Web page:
The Alex Cross novels are written with a solid grasp of thriller writing where James Patterson seems to research his milieu and construct tight detective plots. Unfortunately, much of that is lacking when it comes to Alex Cross. Maybe the major mistake was in giving the directorial reins of what should have been a tight psychological thriller to a director who is mostly known for empty-headed action films. You switch off Alex Cross not long in when Rob Cohen seems less interested in creating a realistic psychological story than with slick images of testostoronally pumped fight clubs and bored rich women inviting Matthew Fox home to lavish designer homes for PG-rated kinky sex. The break-in to the Nunemacher offices is construed as an action set-pieces where Matthew Fox proves to be one of those preposterously well-prepared criminal geniuses who has the endless resources to find the entirety of the layout for an office building, tap into and manipulate the power and security grid, conduct amazing entries past police and armed guards by entering via the water pipes and have arsenals of weaponry hidden on his body.
Indeed, with Rob Cohen at the helm what we have is less a serial killer thriller than it is an action film. Cohen stages some okay action sequences the aforementioned entry into the office; the sequence where Matthew Fox conducts an assassination by hijacking an elevated train; and the climactic showdown between Tyler Perry and Fox in an abandoned theatre. However, these are all action sequences, not thriller sequences. The only actual thriller sequence is the passable cat-and-mouse game between Tyler Perry and Matthew Fox in a scene where Fox has Perry in his crosshairs with a rifle in a restaurant. The actual amount of thriller plotting and detective story in the script is negligible.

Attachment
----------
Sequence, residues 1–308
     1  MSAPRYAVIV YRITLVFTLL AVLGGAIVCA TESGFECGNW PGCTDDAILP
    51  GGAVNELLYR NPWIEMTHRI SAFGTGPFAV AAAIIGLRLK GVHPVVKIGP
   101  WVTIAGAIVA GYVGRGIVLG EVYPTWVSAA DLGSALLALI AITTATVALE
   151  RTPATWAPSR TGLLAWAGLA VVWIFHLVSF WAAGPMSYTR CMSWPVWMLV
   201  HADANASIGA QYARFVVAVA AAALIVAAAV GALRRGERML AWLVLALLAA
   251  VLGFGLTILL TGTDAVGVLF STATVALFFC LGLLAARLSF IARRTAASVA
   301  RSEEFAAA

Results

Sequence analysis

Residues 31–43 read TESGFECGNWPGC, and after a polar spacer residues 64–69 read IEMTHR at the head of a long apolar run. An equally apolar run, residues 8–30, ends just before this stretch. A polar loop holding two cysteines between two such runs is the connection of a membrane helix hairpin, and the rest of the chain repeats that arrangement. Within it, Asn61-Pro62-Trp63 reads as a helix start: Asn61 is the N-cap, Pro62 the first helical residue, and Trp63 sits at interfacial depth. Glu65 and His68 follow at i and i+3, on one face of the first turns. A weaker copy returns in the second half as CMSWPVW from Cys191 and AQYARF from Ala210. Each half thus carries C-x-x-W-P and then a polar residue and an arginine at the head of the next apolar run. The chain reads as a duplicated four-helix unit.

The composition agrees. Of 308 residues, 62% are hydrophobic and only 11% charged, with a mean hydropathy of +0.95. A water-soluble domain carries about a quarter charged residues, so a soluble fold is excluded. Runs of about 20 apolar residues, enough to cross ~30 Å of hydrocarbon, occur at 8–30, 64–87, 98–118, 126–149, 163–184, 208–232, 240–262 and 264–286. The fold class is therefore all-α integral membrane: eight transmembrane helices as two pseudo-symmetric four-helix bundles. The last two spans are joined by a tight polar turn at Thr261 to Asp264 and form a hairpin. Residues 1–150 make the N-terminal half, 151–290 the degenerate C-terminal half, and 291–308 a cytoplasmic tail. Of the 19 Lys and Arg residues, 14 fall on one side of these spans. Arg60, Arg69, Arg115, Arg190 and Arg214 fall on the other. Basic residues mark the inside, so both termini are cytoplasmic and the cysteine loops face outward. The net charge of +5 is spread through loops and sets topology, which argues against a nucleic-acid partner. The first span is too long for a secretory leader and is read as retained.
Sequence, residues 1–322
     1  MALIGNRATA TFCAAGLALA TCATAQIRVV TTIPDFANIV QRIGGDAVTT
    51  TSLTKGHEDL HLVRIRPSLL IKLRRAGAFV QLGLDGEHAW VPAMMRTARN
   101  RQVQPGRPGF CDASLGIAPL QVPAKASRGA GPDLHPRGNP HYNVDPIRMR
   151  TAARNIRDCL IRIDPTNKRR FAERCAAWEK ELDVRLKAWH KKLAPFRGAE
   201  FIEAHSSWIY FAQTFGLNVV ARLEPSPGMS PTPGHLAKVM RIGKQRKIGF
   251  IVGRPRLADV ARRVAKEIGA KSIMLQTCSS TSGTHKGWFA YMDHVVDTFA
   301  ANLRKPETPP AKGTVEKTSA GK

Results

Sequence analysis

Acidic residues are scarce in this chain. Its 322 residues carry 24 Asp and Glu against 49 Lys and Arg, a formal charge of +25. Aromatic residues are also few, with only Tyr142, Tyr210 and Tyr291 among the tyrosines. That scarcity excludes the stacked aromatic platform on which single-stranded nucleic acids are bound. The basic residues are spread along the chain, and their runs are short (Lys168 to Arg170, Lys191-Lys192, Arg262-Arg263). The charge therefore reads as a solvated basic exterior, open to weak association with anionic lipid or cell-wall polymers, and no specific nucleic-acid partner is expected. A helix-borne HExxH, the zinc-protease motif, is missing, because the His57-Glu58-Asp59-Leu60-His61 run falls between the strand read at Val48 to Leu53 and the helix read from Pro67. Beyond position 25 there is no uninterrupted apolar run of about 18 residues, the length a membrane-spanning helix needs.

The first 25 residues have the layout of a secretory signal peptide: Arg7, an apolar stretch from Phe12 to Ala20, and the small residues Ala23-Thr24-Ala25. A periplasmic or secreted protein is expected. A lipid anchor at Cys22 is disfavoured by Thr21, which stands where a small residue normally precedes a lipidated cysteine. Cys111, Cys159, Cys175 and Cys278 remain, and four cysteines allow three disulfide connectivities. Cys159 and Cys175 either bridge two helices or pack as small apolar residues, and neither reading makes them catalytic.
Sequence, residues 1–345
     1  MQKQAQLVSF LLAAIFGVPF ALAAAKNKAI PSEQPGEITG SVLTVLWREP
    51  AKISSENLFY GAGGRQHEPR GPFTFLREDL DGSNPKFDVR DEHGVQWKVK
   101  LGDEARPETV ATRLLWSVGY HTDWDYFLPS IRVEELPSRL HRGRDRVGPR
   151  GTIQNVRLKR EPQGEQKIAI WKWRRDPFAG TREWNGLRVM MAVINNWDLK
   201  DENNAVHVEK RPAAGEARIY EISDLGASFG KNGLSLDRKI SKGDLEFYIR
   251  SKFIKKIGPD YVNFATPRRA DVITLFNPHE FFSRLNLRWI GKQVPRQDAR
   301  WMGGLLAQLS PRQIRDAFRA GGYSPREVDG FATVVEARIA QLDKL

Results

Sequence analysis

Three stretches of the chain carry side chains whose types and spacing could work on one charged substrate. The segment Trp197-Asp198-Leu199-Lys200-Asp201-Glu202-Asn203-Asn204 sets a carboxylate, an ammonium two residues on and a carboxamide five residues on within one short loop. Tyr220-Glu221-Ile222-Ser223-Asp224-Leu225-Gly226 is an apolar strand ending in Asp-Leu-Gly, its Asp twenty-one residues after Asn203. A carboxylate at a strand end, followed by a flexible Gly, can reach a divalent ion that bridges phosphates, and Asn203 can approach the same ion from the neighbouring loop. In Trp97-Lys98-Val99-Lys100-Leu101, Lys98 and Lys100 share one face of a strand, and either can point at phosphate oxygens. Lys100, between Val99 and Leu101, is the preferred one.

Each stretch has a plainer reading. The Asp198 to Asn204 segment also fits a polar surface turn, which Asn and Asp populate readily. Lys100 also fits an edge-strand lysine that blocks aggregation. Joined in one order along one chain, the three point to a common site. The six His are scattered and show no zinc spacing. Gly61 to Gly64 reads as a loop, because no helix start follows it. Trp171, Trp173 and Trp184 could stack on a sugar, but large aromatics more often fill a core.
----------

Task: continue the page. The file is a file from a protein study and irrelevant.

Despite Alex Cross having been established as a brilliant criminal profiler in the books and other films, he gets to demonstrate almost none of this in the film. Indeed, though Cross has a couple of scenes speculating about Picassos psychology, we get no insight into the character at all he never even gets any identity beyond a nickname. Moreover, the films final coda reveals with absurd improbability that what we have taken throughout the build-up to be a serial killer thriller is not quite the case at all. (The plot about businessmen organising a series of assassinations to make it seem as though by a crazy killer has a number of similarities to Jack Reacher (2012), which came out a few months later the same year and was also the attempt to start a franchise based on a popular series of detective thrillers). To his credit, Matthew Fox seems determined to shuck off all nice guy casting from tvs Lost (2004-10) and goes for broke in the role, giving the part a fierce and determined intensity that leers out of the screen with an alarming craziness.
The only other genre works that James Patterson has been associated with is as creator/producer of the animals attack tv series Zoo (2015-7) and Maximum Ride (2016) adapted from his Young Adult work about genetically-engineered children.
(Nominee for Best Supporting Actor (Matthew Fox) at this sites Best of 2012 Awards).